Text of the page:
Schwarber met him in spring training and saw him last weekend before meeting the Cubs in the World Series. Faulkner is his friend, and Schwarber wears a bright green wristband in his honor to make those aware of the disease.

"Really young, smart kid, and he’s just always got a big smile on his face," Schwarber said. "You know, that draws your attention to him. He’s living life to his fullest, even though he’s got something to overcome.

"He’s just a good kid. How could you not like him?"

It’s all part of the legend of Schwarber, the 23-year-old who became the Cubs’ all-time postseason home run leader last year by hitting five homers in just 27 at-bats, and now is doing what no one can possibly believe they’re seeing.

"For a guy to be able to do something like this," winning pitcher Jake Arrieta said. "is just ... I’m kind of speechless."

In the words of Cleveland manager Terry Francona, who suffered his first World Series loss a manager in 10 games: "I can see why Theo (Epstein) sent a plane for him. I would too. That’s a lot to ask, but special players can do special things."

Epstein, president of the Cubs, was stunned when the six-month medical reports last week revealed Schwarber was a month ahead of schedule. Schwarber was so excited, he asked for permission to go to the Arizona Fall League, to see how he looked. He played two games, did all the agility drills, ran the bases, slid, and with Epstein watching the video of him on his computer, took the gamble. He sent a private plane for him Monday, and on Tuesday, was in the starting lineup batting fifth.

Now, the question an inquiring, starving, championship-drought fan base wants to know: Could the Cubs dare put him in the field this weekend against the Indians? They are going back to National League rules. There will be no DH at Wrigley Field. Can he possibly play the field when he hasn’t played the outfield since tearing two knee ligaments on April 7?

"He may be catching for all we know," Rizzo said.

Well, it’s safe to say he won’t be catching until next spring, but considering the way he’s running the bases every time he’s aboard, there’s a certain manager who will be pushing for the cause.

"I'm waiting to hear from our guys from our medical side," Cubs manager Joe Maddon said, "because obviously he looks good. He looks good at the plate. Running the bases, he looks pretty good so far.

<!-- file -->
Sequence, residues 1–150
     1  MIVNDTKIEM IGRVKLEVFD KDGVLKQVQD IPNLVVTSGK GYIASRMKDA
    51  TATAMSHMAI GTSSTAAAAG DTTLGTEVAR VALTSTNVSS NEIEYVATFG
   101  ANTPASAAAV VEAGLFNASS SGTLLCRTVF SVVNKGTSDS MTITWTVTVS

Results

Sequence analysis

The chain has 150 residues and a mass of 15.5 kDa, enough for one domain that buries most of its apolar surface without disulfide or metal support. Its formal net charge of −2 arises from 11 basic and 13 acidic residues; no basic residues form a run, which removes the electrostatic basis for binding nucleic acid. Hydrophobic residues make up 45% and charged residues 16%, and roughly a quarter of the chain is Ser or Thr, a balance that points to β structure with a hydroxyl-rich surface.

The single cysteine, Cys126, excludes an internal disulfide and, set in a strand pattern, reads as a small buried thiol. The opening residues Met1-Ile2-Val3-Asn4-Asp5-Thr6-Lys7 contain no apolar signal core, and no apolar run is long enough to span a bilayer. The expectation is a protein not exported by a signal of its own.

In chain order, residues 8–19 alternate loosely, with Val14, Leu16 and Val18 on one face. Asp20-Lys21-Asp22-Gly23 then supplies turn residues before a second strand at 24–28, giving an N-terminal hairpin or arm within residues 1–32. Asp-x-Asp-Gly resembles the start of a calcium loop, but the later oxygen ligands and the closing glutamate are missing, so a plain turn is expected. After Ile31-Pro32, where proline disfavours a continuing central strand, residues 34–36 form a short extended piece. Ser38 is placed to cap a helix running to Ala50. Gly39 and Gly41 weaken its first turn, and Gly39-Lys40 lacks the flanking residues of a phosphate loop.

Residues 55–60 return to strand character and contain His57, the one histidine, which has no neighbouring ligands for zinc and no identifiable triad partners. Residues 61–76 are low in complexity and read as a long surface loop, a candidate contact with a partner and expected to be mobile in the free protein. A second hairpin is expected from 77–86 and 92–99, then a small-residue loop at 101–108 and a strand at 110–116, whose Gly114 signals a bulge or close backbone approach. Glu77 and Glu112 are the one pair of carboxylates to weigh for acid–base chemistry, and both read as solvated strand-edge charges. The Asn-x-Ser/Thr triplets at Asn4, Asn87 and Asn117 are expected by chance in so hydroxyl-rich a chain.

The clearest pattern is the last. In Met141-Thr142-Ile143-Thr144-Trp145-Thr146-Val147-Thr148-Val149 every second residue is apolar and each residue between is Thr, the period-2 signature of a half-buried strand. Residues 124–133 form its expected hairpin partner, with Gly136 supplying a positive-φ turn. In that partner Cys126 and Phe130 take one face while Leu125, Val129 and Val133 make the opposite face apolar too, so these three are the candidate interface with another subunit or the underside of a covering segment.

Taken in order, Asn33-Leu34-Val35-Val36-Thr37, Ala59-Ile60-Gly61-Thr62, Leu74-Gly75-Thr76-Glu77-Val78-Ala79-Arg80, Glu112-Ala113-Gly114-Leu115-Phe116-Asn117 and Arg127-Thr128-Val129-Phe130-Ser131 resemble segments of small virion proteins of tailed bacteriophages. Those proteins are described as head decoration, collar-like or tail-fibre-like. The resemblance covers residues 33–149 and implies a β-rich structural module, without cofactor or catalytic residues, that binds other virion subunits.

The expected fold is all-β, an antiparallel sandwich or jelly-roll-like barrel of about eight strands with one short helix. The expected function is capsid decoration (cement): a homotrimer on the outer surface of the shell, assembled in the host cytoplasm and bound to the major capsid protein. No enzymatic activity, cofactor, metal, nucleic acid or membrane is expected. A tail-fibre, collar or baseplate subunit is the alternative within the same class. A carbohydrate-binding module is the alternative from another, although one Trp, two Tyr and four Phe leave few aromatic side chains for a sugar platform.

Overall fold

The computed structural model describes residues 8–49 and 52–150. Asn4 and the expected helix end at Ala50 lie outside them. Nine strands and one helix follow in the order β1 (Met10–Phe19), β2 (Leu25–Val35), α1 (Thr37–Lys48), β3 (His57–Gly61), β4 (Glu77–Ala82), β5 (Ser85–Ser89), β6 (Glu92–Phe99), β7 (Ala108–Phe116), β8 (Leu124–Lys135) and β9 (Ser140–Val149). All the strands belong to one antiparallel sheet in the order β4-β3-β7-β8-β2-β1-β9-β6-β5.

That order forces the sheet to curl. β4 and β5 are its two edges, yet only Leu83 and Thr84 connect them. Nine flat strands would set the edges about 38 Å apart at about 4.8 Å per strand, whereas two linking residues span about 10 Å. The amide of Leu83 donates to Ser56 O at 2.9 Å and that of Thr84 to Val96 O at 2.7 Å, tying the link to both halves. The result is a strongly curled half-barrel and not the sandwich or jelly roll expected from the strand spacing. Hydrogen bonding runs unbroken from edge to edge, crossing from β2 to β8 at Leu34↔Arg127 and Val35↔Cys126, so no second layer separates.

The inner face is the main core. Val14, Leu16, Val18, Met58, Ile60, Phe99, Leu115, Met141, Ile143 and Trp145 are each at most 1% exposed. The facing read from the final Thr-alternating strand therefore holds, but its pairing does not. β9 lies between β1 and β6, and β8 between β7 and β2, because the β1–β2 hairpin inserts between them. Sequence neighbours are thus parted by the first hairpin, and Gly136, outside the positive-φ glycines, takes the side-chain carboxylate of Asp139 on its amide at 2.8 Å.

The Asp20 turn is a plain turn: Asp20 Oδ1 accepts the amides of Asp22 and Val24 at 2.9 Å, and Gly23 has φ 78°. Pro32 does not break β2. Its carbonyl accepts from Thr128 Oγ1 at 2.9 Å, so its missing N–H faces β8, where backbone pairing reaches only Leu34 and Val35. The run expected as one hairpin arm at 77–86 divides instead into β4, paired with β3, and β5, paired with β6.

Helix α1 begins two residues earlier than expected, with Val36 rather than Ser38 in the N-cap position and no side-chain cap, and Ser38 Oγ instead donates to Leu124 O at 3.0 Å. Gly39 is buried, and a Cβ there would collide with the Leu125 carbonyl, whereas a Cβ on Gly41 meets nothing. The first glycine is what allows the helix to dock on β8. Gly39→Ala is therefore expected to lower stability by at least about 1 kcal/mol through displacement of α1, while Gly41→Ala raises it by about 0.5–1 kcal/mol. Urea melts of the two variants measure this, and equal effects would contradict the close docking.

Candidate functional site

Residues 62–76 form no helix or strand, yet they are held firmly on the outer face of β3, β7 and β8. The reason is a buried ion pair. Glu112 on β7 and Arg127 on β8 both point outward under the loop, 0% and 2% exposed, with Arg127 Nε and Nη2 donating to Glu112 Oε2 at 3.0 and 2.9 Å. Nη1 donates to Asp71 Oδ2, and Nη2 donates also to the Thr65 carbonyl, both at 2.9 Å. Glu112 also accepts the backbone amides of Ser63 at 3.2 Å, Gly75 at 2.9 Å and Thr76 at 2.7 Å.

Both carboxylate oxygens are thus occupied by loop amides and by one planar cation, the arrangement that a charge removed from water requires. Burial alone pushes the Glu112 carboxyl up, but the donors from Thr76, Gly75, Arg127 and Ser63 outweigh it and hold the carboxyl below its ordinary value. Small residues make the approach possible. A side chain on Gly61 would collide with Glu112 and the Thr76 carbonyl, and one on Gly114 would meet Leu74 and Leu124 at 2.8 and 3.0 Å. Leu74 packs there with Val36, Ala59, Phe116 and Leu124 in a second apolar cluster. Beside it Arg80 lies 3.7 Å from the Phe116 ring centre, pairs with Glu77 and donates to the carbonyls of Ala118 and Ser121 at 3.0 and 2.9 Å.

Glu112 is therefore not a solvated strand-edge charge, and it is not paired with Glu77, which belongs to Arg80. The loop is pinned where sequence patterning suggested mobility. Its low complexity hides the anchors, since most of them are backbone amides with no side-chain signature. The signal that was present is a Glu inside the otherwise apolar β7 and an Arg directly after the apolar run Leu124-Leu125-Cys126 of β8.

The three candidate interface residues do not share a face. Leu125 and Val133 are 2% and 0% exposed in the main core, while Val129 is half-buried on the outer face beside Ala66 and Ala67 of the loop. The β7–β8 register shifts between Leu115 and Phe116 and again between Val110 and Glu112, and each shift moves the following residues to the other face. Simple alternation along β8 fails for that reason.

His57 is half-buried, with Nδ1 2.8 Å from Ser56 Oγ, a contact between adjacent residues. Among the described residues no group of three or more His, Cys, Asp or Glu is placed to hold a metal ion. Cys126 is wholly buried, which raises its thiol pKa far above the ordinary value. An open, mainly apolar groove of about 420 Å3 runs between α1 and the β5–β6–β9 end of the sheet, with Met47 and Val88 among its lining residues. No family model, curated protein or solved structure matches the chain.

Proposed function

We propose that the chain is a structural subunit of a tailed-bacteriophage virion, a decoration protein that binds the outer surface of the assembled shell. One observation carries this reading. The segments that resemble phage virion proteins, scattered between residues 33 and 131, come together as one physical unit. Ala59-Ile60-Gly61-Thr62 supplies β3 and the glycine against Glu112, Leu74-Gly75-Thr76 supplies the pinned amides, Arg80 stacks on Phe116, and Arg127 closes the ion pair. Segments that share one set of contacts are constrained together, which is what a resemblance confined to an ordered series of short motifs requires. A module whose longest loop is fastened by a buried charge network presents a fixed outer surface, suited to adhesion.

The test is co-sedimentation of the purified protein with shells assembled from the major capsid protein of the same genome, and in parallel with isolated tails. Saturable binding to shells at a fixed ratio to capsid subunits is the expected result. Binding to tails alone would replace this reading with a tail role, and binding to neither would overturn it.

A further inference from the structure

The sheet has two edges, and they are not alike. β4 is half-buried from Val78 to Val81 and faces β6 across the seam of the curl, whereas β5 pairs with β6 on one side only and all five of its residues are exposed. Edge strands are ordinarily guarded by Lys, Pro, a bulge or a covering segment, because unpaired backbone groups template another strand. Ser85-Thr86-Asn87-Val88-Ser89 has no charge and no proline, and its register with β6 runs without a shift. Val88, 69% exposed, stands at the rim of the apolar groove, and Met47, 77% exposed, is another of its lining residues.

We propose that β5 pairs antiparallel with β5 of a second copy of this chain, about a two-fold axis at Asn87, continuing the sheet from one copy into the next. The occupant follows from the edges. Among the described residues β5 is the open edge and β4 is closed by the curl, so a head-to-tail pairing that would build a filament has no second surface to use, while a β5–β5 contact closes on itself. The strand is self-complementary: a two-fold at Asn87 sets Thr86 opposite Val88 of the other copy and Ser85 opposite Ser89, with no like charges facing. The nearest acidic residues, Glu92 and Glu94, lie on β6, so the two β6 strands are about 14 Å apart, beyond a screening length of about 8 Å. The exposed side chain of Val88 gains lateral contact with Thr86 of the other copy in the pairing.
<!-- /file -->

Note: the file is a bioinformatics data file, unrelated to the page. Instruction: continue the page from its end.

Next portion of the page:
"There's nothing about watching him that tells me that he's inhibited right now.

"He’s a different cat, he absolutely is."

It’s one thing if there had been the scintilla of discussion that Schwarber could possibly be ready for the playoffs, even privately among the Cubs’ front office. Or even if Schwarber had told a few teammates that this was his secret plan all along. But nothing. Absolutely nothing.

Sure, there were times during the season when Schwarber would tease his teammates, saying he’d be back for that day-night doubleheader in August against the Milwaukee Brewers, and everyone would laugh. It was a running joke all season. The laughter stopped when Rizzo was having dinner with strength coach Tim Buss before Game 3 of the NLCS in Los Angeles.

"I said, 'What?' " Rizzo said. " 'Seriously? For real?' I couldn’t believe it."

The Cubs still can’t.

"I just took it day by day," Schwarber said. "There were days I just wasn’t feeling it. My teammates picked me up and I had some guys come over and say to me, 'World Series, you’re coming back.’ I’d just laugh it off.

"Then, when it came to reality, it was a shock."

Imagine how the rest of us feel.

"The Legend of Kyle Schwarber," Ross slowly said again.

Stay tuned. The sequel is Friday, the first World Series night game in Wrigley Field history.

"They are going to go nuts," Ross said.